San Diego, April 5 (CNA) More young talent is needed in Taiwan's biopharmaceutical sector, which has produced good research results recently but remains many steps away from clinical application, an Academia Sinica academician said Tuesday.
The reason it is still far from clinical application is because it requires more efforts from all sides, including the government, which should set regulations, invest capital, offer research funding and assist with technology transfers, Chien Shu (錢煦) told CNA at the annual Experimental Biology meeting in San Diego.
He also highlighted the importance of talent, saying that Taiwanese young people appear unwilling to enter the biopharmaceutical field.
This is a critical problem, and the government must create more jobs to encourage young people to enter the field, said Chien, who is also director of the Institute of Engineering in Medicine at the University of California, San Diego.
The Experimental Biology conference attracts over 14,000 scientists and exhibitors from around the world each year. The meeting includes lectures, symposia, and exhibitions showcasing the latest equipment and supplies in life science.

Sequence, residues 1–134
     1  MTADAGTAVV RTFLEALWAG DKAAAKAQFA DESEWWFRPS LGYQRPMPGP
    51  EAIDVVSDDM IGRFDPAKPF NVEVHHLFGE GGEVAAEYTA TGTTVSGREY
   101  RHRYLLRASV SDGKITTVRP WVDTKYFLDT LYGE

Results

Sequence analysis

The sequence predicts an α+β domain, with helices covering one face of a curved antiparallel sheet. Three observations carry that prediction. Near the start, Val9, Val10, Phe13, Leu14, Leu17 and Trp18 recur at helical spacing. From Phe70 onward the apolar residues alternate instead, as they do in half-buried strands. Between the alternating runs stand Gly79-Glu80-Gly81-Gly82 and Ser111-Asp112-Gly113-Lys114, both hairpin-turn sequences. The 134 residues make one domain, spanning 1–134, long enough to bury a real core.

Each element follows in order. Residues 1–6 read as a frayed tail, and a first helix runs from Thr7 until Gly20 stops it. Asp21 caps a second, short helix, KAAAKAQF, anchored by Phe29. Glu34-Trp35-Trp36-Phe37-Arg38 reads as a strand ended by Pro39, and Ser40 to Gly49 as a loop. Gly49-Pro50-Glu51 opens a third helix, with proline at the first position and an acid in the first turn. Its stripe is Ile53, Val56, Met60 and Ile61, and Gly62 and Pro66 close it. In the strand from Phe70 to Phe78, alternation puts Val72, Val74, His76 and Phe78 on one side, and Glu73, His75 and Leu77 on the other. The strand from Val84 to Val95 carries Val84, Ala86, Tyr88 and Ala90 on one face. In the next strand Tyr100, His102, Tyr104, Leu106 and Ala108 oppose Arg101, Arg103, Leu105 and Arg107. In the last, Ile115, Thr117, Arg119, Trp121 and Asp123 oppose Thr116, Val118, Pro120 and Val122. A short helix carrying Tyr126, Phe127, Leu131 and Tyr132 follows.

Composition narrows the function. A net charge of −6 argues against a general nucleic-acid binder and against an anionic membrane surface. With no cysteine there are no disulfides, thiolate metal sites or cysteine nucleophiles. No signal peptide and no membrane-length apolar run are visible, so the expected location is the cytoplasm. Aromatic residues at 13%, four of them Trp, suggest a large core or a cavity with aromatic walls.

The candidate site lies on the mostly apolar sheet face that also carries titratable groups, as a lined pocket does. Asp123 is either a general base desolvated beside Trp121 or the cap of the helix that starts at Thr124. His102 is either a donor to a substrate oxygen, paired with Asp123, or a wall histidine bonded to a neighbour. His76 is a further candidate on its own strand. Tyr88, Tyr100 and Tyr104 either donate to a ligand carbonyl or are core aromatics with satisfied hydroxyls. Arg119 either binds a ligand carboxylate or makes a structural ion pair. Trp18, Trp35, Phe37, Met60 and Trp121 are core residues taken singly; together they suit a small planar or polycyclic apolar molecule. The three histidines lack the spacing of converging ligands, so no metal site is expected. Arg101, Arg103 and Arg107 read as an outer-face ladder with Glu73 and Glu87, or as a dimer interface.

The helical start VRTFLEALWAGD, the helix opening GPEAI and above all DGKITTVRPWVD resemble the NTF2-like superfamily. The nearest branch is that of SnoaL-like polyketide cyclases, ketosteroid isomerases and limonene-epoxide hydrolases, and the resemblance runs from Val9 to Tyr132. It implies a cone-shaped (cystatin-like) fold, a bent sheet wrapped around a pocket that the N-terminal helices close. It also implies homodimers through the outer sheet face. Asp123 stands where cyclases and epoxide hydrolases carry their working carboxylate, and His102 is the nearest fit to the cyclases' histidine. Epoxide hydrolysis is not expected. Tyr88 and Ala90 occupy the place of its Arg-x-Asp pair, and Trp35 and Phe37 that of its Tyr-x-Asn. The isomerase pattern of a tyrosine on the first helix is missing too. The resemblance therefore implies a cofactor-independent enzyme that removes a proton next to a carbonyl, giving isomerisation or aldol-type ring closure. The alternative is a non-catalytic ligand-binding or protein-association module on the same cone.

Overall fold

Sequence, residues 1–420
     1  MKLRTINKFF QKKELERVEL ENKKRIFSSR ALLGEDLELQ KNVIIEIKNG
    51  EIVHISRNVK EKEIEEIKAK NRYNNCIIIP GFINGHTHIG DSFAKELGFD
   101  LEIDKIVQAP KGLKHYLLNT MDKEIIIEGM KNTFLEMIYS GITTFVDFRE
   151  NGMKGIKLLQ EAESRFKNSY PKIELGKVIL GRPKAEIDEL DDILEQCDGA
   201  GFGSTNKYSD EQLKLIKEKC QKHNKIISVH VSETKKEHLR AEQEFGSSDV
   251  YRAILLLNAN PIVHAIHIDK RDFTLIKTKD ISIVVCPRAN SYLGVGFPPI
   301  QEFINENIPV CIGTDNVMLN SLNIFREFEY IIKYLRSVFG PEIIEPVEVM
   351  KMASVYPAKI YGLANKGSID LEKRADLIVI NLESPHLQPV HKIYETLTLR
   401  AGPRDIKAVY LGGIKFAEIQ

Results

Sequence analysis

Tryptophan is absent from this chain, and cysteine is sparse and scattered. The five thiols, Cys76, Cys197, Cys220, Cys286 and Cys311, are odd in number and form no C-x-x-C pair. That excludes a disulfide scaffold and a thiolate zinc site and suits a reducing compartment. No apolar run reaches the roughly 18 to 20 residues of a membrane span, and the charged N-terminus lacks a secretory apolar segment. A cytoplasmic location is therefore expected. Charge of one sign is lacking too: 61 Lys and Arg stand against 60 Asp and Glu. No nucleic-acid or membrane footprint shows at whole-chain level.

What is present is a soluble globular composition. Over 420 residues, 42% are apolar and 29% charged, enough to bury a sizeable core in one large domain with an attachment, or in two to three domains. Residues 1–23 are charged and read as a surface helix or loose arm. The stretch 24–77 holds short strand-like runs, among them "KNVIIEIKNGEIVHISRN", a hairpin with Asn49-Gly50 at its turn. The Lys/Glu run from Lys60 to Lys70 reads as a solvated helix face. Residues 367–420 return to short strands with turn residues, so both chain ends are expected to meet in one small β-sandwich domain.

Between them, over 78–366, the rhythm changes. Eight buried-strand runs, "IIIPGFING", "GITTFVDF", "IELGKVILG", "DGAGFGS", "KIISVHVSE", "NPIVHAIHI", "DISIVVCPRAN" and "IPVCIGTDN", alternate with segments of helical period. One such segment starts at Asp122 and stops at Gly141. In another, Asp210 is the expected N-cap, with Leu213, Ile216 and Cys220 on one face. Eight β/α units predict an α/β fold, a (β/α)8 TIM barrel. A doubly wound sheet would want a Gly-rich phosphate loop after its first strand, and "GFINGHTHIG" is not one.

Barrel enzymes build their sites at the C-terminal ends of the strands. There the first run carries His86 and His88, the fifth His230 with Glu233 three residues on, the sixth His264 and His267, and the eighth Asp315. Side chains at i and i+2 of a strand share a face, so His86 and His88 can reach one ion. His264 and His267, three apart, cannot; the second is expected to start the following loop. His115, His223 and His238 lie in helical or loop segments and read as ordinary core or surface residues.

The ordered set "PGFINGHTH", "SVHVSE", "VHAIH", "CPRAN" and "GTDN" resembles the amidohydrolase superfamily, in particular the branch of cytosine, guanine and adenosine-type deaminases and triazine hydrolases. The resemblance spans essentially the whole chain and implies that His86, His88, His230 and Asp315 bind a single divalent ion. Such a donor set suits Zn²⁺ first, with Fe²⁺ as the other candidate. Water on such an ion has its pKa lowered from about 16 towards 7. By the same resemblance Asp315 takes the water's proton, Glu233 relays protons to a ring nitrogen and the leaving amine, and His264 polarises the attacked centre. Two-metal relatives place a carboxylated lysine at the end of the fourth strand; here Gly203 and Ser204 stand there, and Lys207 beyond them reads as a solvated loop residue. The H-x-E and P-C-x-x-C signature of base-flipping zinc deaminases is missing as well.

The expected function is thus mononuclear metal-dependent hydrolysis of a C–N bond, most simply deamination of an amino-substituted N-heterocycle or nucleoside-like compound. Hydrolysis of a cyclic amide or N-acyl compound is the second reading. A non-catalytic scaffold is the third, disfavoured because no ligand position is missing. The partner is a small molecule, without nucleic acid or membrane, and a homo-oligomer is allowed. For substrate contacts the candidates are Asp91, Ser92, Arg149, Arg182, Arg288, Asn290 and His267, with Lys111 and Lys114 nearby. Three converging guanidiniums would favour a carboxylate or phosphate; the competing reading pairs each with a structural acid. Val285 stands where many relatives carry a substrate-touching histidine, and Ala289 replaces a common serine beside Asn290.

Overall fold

The Taiwan-based Tang Prize Foundation signed a cooperation agreement with the Experimental Biology organizers in March last year to hold a Tang Prize Lecture series at the meeting each year.
This year, as part of the Tang Prize Lecture series, prominent Japanese scientist Tasuku Honjo, winner of the first Tang Prize in biopharmaceutical science, gave a speech on immunotherapy.
Tang Prize Foundation CEO Chern Jenn-chuan (陳振川) said the winners of the second Tang Prize are expected to be announced over a period of four days from June 18-21, while an award ceremony will be held Sept. 25 in Taipei to honor the laureates.
The Tang Prize was established by Taiwanese entrepreneur Samuel Yin (尹衍樑) in 2012 to complement the Nobel Prize and to honor top researchers and leaders in the fields of sustainable development, biopharmaceutical science, Sinology, and the rule of law.
(By Tsao Yu-fan and Christie Chen)